When Mission coach Cory McCarthy went to scout St. Joe’s the night before, in the Falcons win over Archbishop Wood (Pa.) on the first day of the Shooting Touch Shootout, he noted how many three’s Towns attempted. McCarthy thought his kids “could have been tougher, could have been grimier”, but had a suspicion it was going to be a physical game today.

“Just as I thought, when somebody plays against us, they’re gonna be good, because we play so antagonistic that people get mad and start playing really well,” McCarthy laughed. “So I think we really aggravated him and pissed him off a bit. I don’t mind that. He’s a hell of a player.

“I thought we did a good job on him. He got some dunks, but he played like a man, and he had to play like a man to beat us. I felt like we were in the game most of the game, and our kids never gave up.

Said Towns of the physicality, “For me, this was a very good game, and I was happy that I was able to be a little bit more physical than I have been in the last few games.”

Three times, Sandiford attempted the “dream shake” move made famous by Hall of Famer Hakeem Olajuwon, but was unable to convert any of the attempts. Once, he drew a foul from Towns, the big man’s only foul of the game. Another time, he was simply stuffed.

For a move with such a unique degree of difficulty, Sandiford executed it well. It’s just that, well, the guy he did against just happens to be Olajuwon’s height.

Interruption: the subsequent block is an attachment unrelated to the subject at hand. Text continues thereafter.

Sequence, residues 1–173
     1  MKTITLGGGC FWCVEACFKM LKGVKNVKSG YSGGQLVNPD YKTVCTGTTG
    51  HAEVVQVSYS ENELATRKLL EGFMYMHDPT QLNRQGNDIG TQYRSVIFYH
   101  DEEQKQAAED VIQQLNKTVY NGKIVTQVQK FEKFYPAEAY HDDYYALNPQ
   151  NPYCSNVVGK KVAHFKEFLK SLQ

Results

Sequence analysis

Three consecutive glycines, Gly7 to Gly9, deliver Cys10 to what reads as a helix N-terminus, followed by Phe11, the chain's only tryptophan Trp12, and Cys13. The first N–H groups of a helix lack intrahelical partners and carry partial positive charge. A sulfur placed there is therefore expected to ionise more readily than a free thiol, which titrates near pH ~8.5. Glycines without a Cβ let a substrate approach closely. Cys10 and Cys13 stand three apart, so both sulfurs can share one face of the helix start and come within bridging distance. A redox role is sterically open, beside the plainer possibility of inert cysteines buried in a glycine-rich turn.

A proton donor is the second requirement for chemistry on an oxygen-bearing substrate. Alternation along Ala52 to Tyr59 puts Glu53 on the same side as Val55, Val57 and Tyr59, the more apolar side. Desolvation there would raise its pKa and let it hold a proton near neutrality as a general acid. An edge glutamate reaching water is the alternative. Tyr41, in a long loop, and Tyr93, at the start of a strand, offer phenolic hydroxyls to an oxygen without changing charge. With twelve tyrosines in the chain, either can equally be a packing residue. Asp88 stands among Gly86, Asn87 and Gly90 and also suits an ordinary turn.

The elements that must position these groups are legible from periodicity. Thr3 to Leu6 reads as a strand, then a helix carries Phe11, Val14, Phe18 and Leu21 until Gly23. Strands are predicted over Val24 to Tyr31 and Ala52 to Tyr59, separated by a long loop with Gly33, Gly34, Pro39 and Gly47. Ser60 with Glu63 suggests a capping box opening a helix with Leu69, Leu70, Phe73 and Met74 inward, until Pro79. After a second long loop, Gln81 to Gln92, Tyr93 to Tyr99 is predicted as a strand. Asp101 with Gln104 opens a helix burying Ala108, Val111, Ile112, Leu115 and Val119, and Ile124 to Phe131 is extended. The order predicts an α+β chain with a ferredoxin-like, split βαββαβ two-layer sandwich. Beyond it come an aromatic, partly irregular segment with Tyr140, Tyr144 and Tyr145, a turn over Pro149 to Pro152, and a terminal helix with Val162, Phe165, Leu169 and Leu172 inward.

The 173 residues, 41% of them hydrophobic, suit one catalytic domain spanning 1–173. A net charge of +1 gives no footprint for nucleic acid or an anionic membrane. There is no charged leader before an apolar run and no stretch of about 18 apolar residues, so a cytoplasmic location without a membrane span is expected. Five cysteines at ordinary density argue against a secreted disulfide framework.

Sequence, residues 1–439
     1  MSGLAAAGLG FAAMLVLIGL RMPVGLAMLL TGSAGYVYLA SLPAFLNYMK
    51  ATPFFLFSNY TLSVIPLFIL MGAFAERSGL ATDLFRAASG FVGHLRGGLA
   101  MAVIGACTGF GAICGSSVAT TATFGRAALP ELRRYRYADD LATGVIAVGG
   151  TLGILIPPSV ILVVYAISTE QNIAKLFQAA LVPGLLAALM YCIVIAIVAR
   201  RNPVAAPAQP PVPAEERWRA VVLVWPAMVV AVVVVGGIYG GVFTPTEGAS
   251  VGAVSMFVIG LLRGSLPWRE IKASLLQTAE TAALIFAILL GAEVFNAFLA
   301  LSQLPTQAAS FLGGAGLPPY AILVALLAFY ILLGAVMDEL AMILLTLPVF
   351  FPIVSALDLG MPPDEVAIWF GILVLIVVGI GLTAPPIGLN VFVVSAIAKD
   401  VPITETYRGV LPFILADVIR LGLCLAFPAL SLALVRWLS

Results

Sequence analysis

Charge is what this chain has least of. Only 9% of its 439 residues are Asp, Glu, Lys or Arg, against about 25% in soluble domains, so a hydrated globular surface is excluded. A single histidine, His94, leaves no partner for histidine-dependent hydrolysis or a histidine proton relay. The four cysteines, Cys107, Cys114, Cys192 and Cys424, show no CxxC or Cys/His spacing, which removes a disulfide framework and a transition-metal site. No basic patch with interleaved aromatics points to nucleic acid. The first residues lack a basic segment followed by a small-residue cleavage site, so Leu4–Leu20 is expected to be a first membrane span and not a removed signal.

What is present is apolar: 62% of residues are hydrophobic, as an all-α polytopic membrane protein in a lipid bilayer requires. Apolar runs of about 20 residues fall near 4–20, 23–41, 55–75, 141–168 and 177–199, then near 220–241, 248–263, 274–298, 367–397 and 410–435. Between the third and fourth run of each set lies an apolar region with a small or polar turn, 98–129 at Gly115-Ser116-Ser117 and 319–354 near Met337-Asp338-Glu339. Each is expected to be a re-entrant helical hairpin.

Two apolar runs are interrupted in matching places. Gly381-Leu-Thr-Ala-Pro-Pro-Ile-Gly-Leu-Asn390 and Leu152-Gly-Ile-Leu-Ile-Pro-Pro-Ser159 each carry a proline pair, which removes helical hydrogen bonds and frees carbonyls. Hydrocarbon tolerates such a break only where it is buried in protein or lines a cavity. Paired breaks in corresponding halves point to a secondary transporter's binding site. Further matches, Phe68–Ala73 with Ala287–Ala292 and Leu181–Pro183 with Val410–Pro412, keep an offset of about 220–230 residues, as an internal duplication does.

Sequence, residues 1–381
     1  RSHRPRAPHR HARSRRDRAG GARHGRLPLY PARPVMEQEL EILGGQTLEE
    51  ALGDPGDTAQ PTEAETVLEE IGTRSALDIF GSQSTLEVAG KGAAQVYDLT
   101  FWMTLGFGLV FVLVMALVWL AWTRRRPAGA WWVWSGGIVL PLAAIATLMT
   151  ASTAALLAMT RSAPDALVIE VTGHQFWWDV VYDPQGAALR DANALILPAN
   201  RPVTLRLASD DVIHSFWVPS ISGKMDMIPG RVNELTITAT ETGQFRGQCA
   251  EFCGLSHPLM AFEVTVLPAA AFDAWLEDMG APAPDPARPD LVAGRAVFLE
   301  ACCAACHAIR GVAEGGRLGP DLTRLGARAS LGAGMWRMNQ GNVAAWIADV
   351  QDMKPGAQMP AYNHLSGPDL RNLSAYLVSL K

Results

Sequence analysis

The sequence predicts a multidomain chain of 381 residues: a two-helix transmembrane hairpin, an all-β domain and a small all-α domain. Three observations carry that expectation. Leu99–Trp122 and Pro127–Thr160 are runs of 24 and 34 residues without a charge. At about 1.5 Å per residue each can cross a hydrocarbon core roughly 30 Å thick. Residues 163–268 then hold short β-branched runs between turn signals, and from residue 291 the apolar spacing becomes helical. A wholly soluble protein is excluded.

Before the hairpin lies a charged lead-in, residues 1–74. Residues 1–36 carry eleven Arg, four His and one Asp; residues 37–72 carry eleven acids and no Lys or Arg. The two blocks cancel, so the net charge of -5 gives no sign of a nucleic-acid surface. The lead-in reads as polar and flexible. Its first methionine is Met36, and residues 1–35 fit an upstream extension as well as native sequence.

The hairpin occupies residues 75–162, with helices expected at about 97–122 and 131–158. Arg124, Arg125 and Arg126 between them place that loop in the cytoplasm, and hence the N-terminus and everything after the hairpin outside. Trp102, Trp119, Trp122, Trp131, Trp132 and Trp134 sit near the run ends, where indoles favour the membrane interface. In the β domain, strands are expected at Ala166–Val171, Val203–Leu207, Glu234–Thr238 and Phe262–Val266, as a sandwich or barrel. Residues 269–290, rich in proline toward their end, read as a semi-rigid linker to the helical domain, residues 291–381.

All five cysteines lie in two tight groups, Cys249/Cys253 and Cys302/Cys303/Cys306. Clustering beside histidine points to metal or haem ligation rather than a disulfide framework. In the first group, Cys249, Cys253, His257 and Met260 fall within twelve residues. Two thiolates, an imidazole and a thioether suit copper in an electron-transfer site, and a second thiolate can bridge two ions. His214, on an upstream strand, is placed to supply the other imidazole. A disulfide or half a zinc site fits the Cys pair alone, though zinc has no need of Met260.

“Just because he’s taller doesn’t mean anything,” Sandiford said. “You can still work him, know what I mean? You can use your post moves, and use quicker feet.”

Towns said he enjoyed the matchup with Sandiford.

“I had seen how everything was playing, and coach came in today, when they said the starting lineups, and said ‘You’re taking No. 4 [Sandiford] today’,” Towns said. “I said, ‘No problem’. I always love playing against the best players on every team, so I’m just glad he was at my position today and I was able to play him.”

Recap: No. 7 New Mission 76, Charlestown 46

December, 20, 2013
12/20/13
2:16
AM ET
HYDE PARK, Mass. -– The last three seasons, New Mission has had the luxury of being able to go long like few other teams in the Boston City League had been able to do, with 6-foot-7 wing Nate Anderson and 6-foot-4 pogo stick Isshiah Coleman manning the frontcourt.